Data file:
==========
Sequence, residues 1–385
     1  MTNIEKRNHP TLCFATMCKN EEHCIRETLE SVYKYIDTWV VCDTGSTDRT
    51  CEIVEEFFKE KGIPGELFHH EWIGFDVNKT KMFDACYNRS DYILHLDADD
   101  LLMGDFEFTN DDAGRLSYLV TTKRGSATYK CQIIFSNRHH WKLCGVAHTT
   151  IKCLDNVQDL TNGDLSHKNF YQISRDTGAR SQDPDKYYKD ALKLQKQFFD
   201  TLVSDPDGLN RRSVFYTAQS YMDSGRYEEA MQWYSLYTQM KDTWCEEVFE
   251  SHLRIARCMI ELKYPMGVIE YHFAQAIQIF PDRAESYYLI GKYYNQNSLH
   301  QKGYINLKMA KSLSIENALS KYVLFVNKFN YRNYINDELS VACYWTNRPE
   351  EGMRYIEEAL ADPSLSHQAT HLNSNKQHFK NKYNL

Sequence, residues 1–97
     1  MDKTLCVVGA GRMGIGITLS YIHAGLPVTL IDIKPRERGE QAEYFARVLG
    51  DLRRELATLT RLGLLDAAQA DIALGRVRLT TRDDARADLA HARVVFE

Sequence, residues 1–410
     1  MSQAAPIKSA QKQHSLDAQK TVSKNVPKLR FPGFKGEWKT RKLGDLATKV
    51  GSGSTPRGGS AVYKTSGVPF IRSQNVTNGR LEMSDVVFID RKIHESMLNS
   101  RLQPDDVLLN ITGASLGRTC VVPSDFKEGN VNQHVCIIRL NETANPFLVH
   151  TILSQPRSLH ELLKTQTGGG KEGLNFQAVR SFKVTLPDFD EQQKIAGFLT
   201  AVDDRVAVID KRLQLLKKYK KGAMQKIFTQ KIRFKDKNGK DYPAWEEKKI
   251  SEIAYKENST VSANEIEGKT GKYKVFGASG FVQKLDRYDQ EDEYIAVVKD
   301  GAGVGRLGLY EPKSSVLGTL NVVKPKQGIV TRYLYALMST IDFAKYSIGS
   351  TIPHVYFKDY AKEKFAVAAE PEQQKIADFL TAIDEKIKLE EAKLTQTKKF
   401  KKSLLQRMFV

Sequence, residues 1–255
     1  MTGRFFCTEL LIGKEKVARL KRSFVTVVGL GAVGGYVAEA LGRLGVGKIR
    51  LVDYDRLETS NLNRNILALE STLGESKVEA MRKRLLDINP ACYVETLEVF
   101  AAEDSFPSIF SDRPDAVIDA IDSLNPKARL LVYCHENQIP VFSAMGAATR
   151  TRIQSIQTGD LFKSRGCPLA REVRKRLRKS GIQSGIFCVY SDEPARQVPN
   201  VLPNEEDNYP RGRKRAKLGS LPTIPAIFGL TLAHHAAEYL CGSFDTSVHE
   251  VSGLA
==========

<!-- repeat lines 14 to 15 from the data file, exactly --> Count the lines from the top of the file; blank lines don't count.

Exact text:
     1  MSQAAPIKSA QKQHSLDAQK TVSKNVPKLR FPGFKGEWKT RKLGDLATKV
    51  GSGSTPRGGS AVYKTSGVPF IRSQNVTNGR LEMSDVVFID RKIHESMLNS